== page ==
Document Freedom Day (DFD) is a global day for document liberation. It will be a day of grassroots effort to educate the public about the importance of Open Document Formats and Open Standards in general.
As any regular reader of this blog is aware (is there such a thing as a reader of this blog, much less a regular one?), I'm a big fan of OpenOffice.org for all of my "office" documents - text documents, spreadsheets, presentations, etc. Among the reasons I like OOo is the fact that it is free and that it uses the OpenDocument Format for saving files (and of course there is the "it is just plain better" reason). Use of the ODF format helps others as they do not have to use specific software to open the files that I generate. Theoretically, they do not even have to use an office productivity suite since the files are in an XML format (maybe not theoretical as I once had to go through the process of open the native XML file when I was helping someone troubleshoot some file corruption).
Those two factors in my opinion make a strong argument as to why governments and public administrations should switch to ODF. There are plenty of applications available that can open an ODF file, many of them free (like OOo). By using these documents, citizens are not forced to go out and buy any specific software application. So, the government stays neutral with respect to vendors and the marketplace. And, it does not seem to me that government should be forcing citizens to buy software just to be able to read/open a government document.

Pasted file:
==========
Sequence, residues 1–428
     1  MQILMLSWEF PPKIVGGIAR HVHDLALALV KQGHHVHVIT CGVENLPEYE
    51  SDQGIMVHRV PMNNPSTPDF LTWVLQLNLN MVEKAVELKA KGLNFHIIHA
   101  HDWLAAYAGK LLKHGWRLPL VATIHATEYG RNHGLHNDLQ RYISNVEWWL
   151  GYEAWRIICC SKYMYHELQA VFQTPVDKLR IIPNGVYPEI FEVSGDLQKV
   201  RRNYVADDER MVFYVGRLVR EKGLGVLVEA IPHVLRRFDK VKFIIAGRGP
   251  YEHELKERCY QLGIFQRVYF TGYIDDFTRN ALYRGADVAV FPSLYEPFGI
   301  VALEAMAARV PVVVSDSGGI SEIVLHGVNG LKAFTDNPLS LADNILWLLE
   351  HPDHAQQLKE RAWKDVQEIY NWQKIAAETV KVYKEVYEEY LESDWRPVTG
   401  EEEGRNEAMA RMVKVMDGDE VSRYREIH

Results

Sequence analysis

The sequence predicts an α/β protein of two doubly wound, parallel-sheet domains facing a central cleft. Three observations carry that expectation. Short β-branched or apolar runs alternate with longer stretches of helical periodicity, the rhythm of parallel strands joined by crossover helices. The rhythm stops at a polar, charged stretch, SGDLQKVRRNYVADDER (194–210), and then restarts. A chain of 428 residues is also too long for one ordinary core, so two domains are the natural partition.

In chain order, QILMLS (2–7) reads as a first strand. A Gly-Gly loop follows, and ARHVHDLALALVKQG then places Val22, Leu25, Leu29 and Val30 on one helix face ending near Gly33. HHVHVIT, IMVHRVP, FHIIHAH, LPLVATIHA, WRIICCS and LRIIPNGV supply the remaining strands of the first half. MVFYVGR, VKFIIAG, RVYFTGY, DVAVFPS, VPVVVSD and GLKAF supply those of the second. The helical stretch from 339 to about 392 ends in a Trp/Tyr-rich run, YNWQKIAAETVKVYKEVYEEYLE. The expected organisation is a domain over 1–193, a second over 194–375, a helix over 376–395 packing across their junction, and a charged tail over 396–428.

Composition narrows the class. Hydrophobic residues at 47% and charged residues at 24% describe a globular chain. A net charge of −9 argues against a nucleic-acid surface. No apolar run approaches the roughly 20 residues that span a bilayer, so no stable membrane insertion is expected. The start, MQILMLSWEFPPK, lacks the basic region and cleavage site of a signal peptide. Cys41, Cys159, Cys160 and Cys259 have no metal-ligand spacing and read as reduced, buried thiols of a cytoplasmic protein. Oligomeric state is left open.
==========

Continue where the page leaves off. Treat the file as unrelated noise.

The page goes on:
Unfortunately, even now, in my position I continue to get Excel spreadsheet files from HUD for the conduct of official business. I've been tempted a few times to write back to them and inform them that "I do not have Excel - how am I supposed to use their document?" I have a feeling they'd be at a loss as to how to answer.
Hope you'll think about this some. And maybe make a switch to some other document format. You may even have a chance to try out OpenOffice.org.